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Showing blog posts tagged with "Mammals"

Mouse-opossum

Minute Marsupial: Zeledon’s Mouse Opossum

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Small enough to climb onto the inflorescence, or flower cluster, of a palm plant, this tiny mouse opossum belongs to a newly re-classified South American species: Zeledon’s mouse opossum (Marmosa zeledoni). Minute marsupials like this one are rarely seen at flowers, but this species may be a pollinator for some neotropical palms.

Zeledon’s mouse opossum was previously lumped together with the Mexican mouse opossum, Marmosa mexicanaBut in a recent study partly funded by the National Science Foundation, Curator Rob Voss of the Division of Vertebrate Zoology at the American Museum of Natural History and colleagues examined roughly 1,500 mouse opossum specimens, some collected from as far back as the 1800s. They determined that what had been known as the Mexican mouse opossum could actually be subdivided into two different species.

Tags: Mammals, Our Research

Revisiting Akeley's Gorillas

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Stephen C. Quinn, senior project manager in the Museum’s Department of Exhibition, recently traveled to the eastern Congo basin to visit the exact site depicted in the Akeley Hall of African Mammals’ mountain gorilla diorama which is based on paintings, photographs, and specimens collected in the field by explorer and taxidermist Carl Akeley and his team in 1921 and 1926.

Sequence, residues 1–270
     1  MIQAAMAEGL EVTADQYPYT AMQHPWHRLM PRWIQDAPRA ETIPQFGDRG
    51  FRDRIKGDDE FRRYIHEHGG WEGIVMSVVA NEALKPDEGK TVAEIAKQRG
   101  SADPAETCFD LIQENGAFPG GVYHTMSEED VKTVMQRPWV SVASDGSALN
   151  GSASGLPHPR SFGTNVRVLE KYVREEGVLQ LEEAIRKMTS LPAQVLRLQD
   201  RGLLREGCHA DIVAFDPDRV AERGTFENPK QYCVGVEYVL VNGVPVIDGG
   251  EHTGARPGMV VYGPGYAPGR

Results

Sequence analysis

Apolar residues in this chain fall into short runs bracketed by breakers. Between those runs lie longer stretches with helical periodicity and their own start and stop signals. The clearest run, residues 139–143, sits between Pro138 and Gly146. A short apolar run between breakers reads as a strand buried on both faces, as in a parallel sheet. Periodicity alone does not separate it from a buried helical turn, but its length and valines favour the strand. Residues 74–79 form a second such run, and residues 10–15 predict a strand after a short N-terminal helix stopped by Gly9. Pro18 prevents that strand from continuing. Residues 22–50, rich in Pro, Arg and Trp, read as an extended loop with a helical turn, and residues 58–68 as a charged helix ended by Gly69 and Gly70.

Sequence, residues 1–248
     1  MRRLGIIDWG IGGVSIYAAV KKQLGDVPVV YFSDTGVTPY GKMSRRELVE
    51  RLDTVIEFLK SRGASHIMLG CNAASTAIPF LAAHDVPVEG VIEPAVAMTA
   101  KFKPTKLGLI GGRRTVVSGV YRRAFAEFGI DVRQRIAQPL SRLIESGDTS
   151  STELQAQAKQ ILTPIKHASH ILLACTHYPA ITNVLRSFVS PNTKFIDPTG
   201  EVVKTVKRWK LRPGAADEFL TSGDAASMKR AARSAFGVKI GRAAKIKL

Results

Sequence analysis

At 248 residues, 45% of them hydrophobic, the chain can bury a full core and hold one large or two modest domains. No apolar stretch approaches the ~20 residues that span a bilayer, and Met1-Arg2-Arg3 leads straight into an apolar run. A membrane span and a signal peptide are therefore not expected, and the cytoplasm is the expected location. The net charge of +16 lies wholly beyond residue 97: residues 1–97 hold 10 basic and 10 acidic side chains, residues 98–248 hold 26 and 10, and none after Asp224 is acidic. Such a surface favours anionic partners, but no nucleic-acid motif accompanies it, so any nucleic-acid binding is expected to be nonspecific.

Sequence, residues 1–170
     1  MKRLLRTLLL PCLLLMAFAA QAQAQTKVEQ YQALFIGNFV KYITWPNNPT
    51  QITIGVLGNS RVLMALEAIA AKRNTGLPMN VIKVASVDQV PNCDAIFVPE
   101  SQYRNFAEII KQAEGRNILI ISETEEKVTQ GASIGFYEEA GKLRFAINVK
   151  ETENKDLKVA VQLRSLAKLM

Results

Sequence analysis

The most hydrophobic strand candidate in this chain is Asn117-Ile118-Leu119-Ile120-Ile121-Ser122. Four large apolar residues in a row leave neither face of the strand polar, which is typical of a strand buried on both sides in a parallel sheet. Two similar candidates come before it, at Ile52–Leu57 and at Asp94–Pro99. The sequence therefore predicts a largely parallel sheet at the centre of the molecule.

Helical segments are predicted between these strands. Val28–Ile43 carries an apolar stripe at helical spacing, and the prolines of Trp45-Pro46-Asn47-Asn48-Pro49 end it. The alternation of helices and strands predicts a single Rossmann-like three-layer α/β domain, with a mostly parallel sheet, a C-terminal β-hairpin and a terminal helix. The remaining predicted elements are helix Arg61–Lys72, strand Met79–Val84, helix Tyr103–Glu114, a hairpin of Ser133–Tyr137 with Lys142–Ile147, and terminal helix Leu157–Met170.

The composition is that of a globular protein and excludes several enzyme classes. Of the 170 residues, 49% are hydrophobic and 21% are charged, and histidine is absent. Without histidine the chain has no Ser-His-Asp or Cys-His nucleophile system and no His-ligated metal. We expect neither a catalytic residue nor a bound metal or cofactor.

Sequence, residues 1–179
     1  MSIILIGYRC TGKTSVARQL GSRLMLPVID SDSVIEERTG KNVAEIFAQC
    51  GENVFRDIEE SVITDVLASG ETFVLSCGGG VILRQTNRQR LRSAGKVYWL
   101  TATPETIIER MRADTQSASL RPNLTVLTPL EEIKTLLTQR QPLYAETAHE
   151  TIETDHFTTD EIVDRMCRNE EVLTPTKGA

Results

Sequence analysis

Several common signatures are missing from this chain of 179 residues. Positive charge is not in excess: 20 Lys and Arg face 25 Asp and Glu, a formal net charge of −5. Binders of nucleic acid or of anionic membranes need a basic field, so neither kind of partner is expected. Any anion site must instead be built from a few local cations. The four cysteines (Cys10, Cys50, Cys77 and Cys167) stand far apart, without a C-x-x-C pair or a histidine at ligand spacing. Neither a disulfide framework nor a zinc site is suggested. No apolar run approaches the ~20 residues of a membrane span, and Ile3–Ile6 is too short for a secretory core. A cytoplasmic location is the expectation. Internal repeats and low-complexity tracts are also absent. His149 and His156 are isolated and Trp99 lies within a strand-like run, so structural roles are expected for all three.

Like the artists on Akeley’s 1926 expedition, Quinn used field sketches and paintings to document the area’s flora and fauna, recording the changes that have taken place and reinforcing the important role artists play in habitat conservation and environmental education. In this eight-minute highlight video from a recent talk at the Museum, Quinn shares finished works, including a panoramic plein air painting.

Watch the video, which includes footage from the field, here:


Tags: Mammals

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Revisiting Akeley’s Gorillas

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Each of the 28 extraordinary dioramas in the Akeley Hall of African Mammals offers visitors a chance to travel not just in space but in time. The views are of specific habitats at particular moments, painstakingly recreated from paintings, photographs, data, and specimens collected in the field by the explorer and taxidermist Carl Akeley and his team on expeditions in the 1920s.

Tags: Mammals

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